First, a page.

Former adult film actress Clair Dia (3 AM, THE JOURNEY OF O, DESIRES WITHIN YOUNG GIRLS) made two films as a director at the twilight of the '70s. On the one hand there was THE HEALTH SPA, a thoughtful exploration of female sexuality courtesy of such extraordinary ladies as Kay Parker, Abigail Clayton and the underrated Phaery I. Burd against the backdrop of then just becoming fashionable gyms doubling as swing clubs, that did a much better job than the similarly themed mainstream John Travolta/Jamie Lee Curtis vehicle PERFECT by the way. If that was a movie that pushed at least a few of the genre's boundaries at the time, then Dia's companion piece appeared to be a far more conventional carnal confection, firmly adhering to time-honored "loop carrier" construction. See my notes under HONEYPIE for a more thorough explanation of that last term. This does not mean that SCREWPLES is a bad little flick or can even be called a disappointment as it works just fine when taken on its own terms.
Ace TV reporter Nancy Larsen (an irresistibly perky Kandi Barbour, the confused switchboard operator from Cecil Howard's PLATINUM PARADISE) gets the assignment from her secretly smitten boss Jake (Gary Baron, whose only other credit seems to have been a bit part in Fred Lincoln's SERENA, AN ADULT FAIRYTALE from that same year) at the BART network to go out on the street and interview everyday people about their secret sexual fantasies which will then be acted out in front of the cameras for television transmission. Considering that cable TV was still pretty much in its planning stages at the time of shooting, any semblance of reality very much takes a backseat here. The premise does allow for some well-shot and quite erotic sex scenes to unfold with the invaluable help of a cult cast that will have longtime fans salivating at the very mentioning of some of their names.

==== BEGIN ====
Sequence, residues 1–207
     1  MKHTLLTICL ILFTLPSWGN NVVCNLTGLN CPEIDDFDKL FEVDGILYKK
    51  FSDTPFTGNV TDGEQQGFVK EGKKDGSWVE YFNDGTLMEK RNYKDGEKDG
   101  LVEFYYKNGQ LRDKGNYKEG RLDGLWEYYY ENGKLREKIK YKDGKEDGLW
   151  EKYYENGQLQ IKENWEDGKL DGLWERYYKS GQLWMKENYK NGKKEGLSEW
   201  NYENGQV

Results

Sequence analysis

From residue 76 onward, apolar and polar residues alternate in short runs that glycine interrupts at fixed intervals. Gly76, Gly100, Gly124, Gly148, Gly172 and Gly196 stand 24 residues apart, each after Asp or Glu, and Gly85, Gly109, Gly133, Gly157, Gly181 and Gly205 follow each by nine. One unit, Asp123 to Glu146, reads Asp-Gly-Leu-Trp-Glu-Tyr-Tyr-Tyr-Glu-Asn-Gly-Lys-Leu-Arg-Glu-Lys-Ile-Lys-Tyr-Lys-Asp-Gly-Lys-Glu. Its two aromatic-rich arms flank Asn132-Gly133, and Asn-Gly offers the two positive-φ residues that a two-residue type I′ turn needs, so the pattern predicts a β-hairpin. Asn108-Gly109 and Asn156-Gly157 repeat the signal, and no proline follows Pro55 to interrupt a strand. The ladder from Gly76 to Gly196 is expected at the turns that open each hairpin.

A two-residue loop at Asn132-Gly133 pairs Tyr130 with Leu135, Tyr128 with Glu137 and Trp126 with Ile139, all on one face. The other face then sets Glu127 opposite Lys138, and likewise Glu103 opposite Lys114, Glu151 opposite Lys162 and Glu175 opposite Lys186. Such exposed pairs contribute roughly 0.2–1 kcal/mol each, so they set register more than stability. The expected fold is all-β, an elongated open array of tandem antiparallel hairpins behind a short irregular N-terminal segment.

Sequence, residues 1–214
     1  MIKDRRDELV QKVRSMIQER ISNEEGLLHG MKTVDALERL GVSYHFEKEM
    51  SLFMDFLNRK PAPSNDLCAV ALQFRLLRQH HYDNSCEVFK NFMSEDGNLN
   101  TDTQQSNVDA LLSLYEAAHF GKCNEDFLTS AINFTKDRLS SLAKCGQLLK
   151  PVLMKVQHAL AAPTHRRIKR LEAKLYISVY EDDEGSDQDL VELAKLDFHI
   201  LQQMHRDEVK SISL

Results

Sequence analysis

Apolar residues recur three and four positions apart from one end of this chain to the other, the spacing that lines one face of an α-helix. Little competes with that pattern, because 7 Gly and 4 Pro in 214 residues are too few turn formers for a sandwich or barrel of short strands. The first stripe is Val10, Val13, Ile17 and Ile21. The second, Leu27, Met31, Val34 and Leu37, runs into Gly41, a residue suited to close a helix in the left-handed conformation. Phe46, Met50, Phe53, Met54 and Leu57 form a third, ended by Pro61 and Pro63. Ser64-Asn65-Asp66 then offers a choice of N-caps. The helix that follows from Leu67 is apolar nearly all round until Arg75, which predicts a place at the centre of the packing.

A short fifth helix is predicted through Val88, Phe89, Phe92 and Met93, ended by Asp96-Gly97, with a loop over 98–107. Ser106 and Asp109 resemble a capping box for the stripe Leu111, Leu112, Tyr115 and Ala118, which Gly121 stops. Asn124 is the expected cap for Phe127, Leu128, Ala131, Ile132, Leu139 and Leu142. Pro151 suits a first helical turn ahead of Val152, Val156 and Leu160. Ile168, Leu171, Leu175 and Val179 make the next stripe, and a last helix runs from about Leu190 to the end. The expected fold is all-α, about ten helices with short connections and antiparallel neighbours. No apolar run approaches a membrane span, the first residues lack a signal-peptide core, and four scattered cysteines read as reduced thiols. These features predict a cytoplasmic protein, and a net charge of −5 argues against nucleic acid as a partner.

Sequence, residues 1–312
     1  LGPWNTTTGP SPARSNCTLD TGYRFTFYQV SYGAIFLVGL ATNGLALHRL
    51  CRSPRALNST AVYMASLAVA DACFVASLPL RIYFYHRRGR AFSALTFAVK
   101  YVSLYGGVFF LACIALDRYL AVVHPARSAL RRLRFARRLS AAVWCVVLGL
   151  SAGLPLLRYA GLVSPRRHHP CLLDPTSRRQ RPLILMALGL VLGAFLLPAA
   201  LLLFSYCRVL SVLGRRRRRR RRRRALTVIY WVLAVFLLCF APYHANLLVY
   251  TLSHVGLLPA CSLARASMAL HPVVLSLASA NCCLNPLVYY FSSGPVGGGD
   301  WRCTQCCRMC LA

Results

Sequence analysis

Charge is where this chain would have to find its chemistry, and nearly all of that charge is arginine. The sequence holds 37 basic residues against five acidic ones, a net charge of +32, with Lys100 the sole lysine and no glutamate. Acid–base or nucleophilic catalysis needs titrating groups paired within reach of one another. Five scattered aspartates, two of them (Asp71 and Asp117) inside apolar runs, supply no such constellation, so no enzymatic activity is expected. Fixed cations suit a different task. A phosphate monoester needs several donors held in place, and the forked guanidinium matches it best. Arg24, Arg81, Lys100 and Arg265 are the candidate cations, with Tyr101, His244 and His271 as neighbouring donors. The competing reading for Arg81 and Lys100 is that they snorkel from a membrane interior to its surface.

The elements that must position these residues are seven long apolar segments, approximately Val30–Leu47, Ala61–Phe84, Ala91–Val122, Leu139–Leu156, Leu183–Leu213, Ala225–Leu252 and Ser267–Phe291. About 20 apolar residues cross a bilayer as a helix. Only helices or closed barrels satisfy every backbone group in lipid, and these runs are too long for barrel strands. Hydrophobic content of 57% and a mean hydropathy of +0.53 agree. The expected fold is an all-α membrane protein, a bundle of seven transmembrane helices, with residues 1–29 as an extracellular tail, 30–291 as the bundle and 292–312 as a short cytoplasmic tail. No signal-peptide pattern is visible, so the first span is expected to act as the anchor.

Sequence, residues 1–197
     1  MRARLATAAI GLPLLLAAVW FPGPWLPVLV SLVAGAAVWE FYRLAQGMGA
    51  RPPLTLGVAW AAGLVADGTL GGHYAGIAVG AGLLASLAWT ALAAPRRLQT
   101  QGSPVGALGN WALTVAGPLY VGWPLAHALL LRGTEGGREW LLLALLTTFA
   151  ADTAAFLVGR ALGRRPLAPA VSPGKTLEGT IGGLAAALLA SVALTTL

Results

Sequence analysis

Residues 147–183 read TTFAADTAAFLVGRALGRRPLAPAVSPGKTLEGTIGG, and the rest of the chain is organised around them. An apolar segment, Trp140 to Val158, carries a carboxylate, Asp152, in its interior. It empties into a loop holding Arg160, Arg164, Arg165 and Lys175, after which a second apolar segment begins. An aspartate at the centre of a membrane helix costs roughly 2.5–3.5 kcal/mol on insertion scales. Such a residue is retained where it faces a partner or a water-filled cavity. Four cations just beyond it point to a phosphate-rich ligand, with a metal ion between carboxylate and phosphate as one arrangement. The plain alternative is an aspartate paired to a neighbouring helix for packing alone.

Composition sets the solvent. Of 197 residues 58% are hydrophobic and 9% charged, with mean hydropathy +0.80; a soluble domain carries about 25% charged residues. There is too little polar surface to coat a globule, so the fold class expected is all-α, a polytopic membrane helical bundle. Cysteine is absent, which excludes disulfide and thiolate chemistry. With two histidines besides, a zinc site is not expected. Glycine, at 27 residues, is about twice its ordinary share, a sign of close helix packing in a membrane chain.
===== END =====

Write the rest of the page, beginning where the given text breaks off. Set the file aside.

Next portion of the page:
After a throwaway bit involving a very youthful Jon Martin (Veronica Hart's virginal trick in Gary Graver's brilliant AMANDA BY NIGHT) with "Audrey Lang" a/k/a THE SHOPPE OF TEMPTATIONS's Andrea Lange who romp in front of the TV set while Kandi's on, we get down to serious business with Mimi Morgan, the pre-operative Eve (with Marilyn Chambers of course portraying her post-operative alter ego) from the Mitchell Bros. classic THE RESURRECTION OF EVE, conducting a scorching three-way with lanky Blair Harris and some curly-haired guy unidentified by any source at my disposal. This kind of scene would now be referred to as a b/b/g (short for boy/boy/girl) but was then more commonly known as a "queen triad", just to show that times don't always change for the better. The mirror image as it were, a "king triad" indeed, comes up next with massively endowed Ken Scudder (Jesie St. James' blind piano tuner from Sam Weston's excellent EASY) gorging himself on the exotic attractions of both Kyoto Sun (from Gerard Damiano's FANTASY) and one Dolores Tenorio.
Superstars as well as real life lovers at the time Serena and Jamie Gillis perform their trademark turnabout S&M antics, taking turns at playing the dominant and submissive roles for an elaborate sequence that should profoundly satiate their fans and wow newcomers still unfamiliar with their kinky repertoire. Valerie Darlyn, the sharp-nosed girl who co-starred in Jeffrey Fairbanks' FANTASYWORLD and Tom Janovich's SMALL TOWN GIRLS, occupies the obligatory Sapphic spot with buxom blonde Cris Cassidy formerly known as "Suzette Holland", a Sam Weston discovery featured in both his SEX WORLD and EXPECTATIONS that proves to be a highlight due to the women's contrasting physique and the sheer intensity with which they tear into one another.
A friendly foursome supplies the next mathematical combination with the late Laurien Dominique, star of Godfrey Daniels' wonderful SUMMER SCHOOL, sparring amicably with minor league starlet T.J. Carson (from Lenny Kirtman's FEMALE ATHLETES and INSIDE DESIREE COUSTEAU) over the affections of stalwart studs Richard Pacheco and John Seeman in a scene that's warm like a woolly jumper when most viewers would prefer for it to sizzle. Unsurprisingly, Barbour and Baron provide the capper and chemistry that has been building up between them over the past hour or so assures it's a pleasant enough to tie up whatever loose ends might still have been dangling.
Like most loop carriers, this one offers a mixed bag with something for just about everyone. Dia does a creditable job keeping the heat at a fairly constant level with plenty of attention towards female enjoyment of the sex acts on display. From a production point of view, it's a relatively polished affair with bright, colorful cinematography, some snazzy editing and a deliciously eclectic soundtrack that grooves along infectiously with each lewd gyration. Perhaps not an adult film for the ivory tower connoisseur who strictly swears by the more cultured carnality of a Radley Metzger, but a delectable treat for the true genre aficionado nonetheless.
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